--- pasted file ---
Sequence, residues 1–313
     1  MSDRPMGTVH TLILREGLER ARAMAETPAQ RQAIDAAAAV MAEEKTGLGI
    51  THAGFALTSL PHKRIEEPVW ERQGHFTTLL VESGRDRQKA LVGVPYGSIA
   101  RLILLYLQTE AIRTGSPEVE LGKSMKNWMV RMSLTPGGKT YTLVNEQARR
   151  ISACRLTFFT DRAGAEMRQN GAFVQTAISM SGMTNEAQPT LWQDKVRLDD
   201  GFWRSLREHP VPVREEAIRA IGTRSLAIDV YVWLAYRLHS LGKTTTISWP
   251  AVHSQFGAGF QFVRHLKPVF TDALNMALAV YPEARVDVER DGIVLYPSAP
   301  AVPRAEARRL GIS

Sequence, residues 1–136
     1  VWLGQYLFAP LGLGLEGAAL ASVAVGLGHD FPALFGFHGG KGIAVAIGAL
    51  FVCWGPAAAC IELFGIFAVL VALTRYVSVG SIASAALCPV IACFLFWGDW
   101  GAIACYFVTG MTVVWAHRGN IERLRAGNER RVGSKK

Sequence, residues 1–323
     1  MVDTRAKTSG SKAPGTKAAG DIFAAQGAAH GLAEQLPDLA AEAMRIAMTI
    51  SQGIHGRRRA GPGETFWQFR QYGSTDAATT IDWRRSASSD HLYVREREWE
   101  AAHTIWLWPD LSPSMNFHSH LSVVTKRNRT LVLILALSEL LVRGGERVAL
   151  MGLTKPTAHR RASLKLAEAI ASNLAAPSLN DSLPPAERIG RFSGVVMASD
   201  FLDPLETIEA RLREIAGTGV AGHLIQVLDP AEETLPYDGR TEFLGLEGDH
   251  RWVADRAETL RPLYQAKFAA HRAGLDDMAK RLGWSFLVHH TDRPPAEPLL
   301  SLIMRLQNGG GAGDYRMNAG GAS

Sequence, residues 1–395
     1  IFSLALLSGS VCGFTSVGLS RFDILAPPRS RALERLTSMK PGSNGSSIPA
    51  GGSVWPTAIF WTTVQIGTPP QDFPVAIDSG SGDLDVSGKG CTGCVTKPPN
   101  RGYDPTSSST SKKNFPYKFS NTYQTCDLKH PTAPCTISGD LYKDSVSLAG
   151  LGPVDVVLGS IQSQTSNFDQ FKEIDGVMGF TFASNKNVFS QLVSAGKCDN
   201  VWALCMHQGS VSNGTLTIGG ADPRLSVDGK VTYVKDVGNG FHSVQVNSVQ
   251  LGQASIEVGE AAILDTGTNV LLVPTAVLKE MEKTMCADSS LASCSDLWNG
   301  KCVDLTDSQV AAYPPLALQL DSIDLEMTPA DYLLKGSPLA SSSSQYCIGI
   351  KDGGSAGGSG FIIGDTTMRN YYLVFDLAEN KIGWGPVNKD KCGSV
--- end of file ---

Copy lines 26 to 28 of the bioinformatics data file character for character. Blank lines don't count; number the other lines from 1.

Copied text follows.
   201  VWALCMHQGS VSNGTLTIGG ADPRLSVDGK VTYVKDVGNG FHSVQVNSVQ
   251  LGQASIEVGE AAILDTGTNV LLVPTAVLKE MEKTMCADSS LASCSDLWNG
   301  KCVDLTDSQV AAYPPLALQL DSIDLEMTPA DYLLKGSPLA SSSSQYCIGI